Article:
Interaction of electron donor and acceptor molecules with graphene and carbon nanotubes brings about major changes in the electronic structure and properties of these nanocarbons. In their Communication on page 1780 ff. (highlighted on the Inside Cover), C. N. R. Rao et al. report that an electron donor such as tetrathiafulvalene (TTF) transfers an electron to graphene-like few-layer MoS2, thus resulting in the formation of the TTF radical cation (TTF+.). This interaction with TTF significantly changes the band gap of MoS2. By contrast, the electron acceptor tetracyanoethylene does not interact with MoS2 as it is a p-type material.
A highly enantioselective and widely applicable method for the synthesis of various chiral 2-alkyl-1-alkanols, especially those of feeble chirality, has been developed by Ei-ichi Negishi et al. In their Full Paper on page 1829 ff., featured on the Back Cover, the authors report that the (S)- or (R)-enantiomer of 3-iodo-2-alkyl-1-alkanols (1), prepared by the zirconium-catalyzed asymmetric carboalumination of alkenes (ZACA) reaction of allyl alcohol, can be readily purified to the ≥99% ee level by lipase-catalyzed acetylation. Thus, a variety of chiral 2-alkyl-1-alkanols can now be synthesized in high enantiomeric purity (≥99% ee) by Pd- or Cu-catalyzed cross-coupling of (S)-1 or (R)-2 for introduction of various primary, secondary, and tertiary carbon groups with essentially no enantiomeric isomerization.
Cucurbituril-based host–guest interactions, which possess high binding constants and good selectivity, have been widely used in the construction of supramolecular architectures. In their Focus Review on page 1626 ff., Xi Zhang et al. specifically summarize the use of cucurbituril-based host–guest interactions in fabricating water-soluble supramolecular polymers. The high binding constants of cucurbituril-based host–guest interactions enable supramolecular polymerization under low monomer concentrations. Supramolecular polymers that were constructed through different building blocks, including small molecules, polymers, dendrimers, and proteins, are described.
Reversible addition–fragmentation chain transfer (RAFT) polymerization is conducted by the addition of a thiocarbonylthio compound (RAFT agent) to an otherwise conventional radical polymerization. The process allows the synthesis of well-defined homo-, gradient, block, and star polymers, and more complex architectures such as microgels and polymer brushes. In their Focus Review on page 1634 ff., Graeme Moad et al. show how the development of RAFT and RAFT application is being facilitated by the adoption of continuous flow techniques using tubular reactors and through the use of high-throughput methodology. Applications described include the preparation of block copolymer semiconductors for optoelectronics, block copolymer therapeutics, and star polymer rheology control agents.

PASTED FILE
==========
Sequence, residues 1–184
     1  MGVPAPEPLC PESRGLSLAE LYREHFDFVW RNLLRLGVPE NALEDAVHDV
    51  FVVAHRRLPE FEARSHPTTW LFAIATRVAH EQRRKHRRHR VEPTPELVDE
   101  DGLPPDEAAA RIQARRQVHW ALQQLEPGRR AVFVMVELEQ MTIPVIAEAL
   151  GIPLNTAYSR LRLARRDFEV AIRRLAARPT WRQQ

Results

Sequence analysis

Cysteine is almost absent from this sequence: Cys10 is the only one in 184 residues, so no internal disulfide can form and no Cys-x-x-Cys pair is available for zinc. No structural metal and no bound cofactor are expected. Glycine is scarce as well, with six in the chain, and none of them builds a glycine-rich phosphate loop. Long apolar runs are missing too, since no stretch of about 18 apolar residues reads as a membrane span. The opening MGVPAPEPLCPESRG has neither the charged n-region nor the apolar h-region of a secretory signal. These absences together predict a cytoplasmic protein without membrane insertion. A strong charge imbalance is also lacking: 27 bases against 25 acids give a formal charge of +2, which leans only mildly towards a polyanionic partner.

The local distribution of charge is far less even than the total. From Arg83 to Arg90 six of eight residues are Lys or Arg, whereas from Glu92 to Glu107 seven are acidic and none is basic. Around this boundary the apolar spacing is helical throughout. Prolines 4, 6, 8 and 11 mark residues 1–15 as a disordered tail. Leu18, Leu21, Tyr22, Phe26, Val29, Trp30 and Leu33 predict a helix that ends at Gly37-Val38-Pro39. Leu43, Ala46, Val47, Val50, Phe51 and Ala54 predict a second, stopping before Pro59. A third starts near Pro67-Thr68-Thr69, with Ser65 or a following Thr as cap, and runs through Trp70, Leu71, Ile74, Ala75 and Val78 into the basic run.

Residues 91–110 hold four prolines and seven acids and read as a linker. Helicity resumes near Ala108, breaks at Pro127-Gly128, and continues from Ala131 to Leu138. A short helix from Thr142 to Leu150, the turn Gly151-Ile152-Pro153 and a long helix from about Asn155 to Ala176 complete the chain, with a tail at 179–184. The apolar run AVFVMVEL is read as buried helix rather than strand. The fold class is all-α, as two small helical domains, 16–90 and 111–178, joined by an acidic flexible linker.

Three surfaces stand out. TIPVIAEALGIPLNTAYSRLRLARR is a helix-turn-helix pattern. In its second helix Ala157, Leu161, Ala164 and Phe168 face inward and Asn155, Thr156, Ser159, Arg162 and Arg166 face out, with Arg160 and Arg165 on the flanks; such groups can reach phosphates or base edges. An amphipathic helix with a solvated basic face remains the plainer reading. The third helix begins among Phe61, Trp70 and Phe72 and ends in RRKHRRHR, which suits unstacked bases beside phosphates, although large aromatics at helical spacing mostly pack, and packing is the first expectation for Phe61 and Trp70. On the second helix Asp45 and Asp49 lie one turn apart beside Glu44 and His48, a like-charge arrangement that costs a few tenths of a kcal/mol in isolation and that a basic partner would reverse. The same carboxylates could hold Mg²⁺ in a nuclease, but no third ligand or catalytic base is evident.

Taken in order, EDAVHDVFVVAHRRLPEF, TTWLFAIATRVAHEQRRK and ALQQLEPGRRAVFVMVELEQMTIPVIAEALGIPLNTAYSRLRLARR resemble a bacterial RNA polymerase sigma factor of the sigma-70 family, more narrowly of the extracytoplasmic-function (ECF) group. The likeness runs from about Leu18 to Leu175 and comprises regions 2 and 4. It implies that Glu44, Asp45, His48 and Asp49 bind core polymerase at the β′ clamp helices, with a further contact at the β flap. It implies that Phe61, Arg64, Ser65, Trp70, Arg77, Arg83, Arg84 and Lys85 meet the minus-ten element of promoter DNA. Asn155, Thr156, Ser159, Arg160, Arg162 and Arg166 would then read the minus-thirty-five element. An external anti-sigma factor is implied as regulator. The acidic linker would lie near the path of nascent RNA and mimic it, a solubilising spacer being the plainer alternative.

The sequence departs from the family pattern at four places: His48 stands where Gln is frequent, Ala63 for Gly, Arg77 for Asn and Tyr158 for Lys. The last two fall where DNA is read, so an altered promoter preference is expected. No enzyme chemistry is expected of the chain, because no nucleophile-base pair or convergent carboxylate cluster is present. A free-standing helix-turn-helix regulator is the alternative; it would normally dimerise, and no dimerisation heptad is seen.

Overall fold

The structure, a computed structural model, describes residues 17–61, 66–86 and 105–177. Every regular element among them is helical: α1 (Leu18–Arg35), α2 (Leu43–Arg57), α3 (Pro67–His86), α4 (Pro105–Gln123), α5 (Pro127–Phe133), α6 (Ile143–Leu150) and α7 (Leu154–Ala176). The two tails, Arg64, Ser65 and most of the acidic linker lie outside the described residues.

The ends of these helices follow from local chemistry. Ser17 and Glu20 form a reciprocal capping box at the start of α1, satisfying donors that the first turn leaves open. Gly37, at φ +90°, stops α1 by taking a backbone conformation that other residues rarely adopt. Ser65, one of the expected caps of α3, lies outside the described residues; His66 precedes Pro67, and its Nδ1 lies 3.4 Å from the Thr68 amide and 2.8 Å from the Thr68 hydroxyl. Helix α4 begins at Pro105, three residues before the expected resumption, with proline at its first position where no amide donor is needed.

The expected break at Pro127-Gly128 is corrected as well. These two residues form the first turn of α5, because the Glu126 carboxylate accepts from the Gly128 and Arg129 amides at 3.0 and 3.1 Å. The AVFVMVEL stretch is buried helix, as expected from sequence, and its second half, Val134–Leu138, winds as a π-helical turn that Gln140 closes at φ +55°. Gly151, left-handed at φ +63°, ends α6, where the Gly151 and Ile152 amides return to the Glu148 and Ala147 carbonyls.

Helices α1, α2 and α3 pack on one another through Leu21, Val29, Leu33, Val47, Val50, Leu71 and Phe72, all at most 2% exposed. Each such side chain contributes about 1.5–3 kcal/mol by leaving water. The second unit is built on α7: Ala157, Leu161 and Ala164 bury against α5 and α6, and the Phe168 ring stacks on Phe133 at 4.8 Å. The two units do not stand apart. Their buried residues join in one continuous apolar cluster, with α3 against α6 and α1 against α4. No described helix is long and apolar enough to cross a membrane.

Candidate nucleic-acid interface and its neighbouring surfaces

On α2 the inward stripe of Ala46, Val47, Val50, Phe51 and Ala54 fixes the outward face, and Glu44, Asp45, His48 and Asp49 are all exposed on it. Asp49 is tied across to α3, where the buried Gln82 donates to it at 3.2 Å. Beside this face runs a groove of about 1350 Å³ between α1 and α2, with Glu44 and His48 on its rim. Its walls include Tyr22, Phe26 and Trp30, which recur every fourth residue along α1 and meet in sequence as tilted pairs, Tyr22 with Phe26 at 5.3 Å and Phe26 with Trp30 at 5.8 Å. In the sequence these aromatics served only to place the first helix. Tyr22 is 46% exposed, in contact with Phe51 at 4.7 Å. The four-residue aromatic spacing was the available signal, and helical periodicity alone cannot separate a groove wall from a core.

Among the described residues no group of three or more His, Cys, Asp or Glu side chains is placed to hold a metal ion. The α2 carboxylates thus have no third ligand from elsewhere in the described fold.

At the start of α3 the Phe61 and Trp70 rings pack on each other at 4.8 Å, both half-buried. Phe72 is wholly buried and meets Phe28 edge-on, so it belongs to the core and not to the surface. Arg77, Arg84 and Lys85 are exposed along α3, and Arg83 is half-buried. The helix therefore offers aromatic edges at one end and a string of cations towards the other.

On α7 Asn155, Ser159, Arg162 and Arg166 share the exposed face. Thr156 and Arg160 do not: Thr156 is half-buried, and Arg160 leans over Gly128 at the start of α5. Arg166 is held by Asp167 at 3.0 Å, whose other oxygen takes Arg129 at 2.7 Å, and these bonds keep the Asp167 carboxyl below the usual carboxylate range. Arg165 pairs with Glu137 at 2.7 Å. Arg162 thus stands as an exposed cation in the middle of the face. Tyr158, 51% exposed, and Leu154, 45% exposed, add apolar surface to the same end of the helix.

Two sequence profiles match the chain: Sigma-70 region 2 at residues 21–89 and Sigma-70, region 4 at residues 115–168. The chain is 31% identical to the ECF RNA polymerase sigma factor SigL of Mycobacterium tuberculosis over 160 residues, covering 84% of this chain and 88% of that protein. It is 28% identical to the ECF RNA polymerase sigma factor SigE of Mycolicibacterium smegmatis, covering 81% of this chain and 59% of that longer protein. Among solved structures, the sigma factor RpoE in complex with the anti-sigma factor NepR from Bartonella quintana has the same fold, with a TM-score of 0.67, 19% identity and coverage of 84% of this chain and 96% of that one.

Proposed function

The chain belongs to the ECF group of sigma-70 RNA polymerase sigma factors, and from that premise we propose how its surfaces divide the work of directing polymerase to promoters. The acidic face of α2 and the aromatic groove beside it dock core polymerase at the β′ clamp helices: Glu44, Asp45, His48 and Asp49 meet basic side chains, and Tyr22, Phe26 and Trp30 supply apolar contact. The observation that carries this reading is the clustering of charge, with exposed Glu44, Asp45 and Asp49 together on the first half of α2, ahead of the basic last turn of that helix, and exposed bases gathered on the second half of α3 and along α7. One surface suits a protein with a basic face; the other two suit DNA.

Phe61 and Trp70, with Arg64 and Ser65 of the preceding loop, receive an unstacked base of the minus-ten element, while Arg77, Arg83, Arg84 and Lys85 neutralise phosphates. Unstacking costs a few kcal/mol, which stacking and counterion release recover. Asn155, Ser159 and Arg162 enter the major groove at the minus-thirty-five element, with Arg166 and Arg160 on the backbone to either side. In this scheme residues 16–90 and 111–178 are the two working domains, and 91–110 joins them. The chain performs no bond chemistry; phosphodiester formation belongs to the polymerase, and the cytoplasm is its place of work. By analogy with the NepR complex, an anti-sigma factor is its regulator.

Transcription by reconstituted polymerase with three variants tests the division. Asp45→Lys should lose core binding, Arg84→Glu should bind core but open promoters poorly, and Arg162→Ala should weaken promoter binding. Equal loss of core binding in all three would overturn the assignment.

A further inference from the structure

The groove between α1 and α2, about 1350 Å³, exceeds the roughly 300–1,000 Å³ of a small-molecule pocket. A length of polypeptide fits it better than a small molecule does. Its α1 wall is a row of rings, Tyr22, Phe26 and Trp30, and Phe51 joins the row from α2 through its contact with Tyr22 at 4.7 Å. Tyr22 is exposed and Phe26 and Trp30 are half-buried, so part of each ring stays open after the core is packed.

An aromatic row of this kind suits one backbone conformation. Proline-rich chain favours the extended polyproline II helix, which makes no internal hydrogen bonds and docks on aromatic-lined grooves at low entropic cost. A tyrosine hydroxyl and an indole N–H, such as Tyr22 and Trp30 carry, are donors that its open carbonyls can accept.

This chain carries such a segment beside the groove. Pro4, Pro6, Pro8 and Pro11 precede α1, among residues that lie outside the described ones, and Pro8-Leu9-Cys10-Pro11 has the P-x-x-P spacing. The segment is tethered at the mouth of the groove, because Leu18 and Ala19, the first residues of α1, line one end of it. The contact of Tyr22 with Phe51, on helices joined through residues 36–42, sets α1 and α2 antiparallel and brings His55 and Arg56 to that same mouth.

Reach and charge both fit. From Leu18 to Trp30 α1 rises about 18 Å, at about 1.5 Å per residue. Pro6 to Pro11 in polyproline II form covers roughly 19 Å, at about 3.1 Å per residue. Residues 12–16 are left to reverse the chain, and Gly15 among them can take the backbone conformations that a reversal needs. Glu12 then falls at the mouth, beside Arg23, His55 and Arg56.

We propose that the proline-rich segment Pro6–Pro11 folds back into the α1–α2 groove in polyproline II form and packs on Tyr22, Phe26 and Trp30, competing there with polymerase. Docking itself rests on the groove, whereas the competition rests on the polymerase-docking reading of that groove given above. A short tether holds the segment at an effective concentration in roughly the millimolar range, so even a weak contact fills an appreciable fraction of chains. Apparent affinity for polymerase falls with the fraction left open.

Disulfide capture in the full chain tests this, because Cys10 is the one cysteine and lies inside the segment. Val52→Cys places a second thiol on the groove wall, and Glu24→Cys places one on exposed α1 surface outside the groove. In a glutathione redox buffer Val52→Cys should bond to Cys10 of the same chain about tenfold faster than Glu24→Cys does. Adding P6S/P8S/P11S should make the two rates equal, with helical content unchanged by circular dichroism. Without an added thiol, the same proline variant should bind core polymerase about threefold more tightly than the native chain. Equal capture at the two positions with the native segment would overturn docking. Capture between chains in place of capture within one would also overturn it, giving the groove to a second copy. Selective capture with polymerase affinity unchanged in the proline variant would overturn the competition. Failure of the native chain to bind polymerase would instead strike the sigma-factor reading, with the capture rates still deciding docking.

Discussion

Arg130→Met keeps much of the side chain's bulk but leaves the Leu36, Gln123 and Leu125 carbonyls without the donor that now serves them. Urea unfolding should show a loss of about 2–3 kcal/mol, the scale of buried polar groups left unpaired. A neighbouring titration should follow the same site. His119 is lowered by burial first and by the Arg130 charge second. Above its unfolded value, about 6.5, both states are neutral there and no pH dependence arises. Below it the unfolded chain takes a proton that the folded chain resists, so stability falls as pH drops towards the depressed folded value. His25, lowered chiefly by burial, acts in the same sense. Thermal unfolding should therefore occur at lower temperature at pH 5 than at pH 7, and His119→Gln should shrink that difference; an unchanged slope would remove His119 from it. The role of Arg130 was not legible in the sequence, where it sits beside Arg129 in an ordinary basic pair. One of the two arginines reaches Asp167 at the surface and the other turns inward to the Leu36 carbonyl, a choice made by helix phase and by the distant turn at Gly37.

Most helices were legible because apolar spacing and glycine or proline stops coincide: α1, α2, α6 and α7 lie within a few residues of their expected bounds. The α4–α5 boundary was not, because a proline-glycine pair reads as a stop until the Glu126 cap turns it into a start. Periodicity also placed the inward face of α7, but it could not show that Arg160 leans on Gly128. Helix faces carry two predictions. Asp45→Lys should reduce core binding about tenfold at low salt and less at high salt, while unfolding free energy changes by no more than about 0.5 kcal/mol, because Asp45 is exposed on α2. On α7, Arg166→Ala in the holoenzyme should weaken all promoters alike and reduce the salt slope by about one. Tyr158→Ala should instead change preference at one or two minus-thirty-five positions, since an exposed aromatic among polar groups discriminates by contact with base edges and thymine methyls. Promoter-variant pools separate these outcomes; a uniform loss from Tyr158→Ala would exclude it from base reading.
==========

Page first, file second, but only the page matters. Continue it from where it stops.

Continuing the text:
The design of artificial metalloenzymes has become an important topic in biological chemistry and inorganic chemistry due to their potential applications in nanoscience and biotechnology. Although such systems employ protein assemblies as molecular scaffolds, the important roles of protein assemblies have not yet been systematically investigated. In their Focus Review on page 1646 ff., Takafumi Ueno et al. discuss this "next-generation" field of bioinorganic chemistry, as recently a number of reports on the rational design of protein assemblies for the construction of artificial metalloenzymes in the integration of catalytic reactions with metal complexes, the preparation of biominerals, and mechanistic investigations of biomineralization processes with protein assemblies have been published.
Two pincer-type cyclometalated Pt(II) arylacetylide complexes that display different kinds of intermolecular interactions were used as emitters in solution-processed organic light-emitting devices, as reported by Chi-Ming Che et al. in their Communication on page 1754 ff. It was found that the Pt(II) complex without intermolecular PtII⋅⋅⋅PtII interaction in the solid state can be used as an emitter for high-efficiency monochromatic OLEDs due to its higher concentration threshold for aggregation formation. By using a bipolar material as a host, a maximum current efficiency of 26.57 cdA−1, with low efficiency roll-off of 16.7% at 1000 cdm−2, has been achieved.
In their Full Paper on page 1786 ff., A. Stephen K. Hashmi et al. show that the activation by a gold catalyst leads to the formation of vinylgold-intermediates bearing an allyloxonium group. The activated allyl fragment then serves as an intramolecular electrophile and substitutes the gold(I) fragment by a [-sigmatropic rearrangement, thereby delivering allylated isochromenes. This goes along with a clean allylic inversion, resembling an acrobat doing a back handspring (see figure; design by Dorothee D. S. Oehler). It was found that the SPhos-gold(I) complex is the best catalyst for this reaction.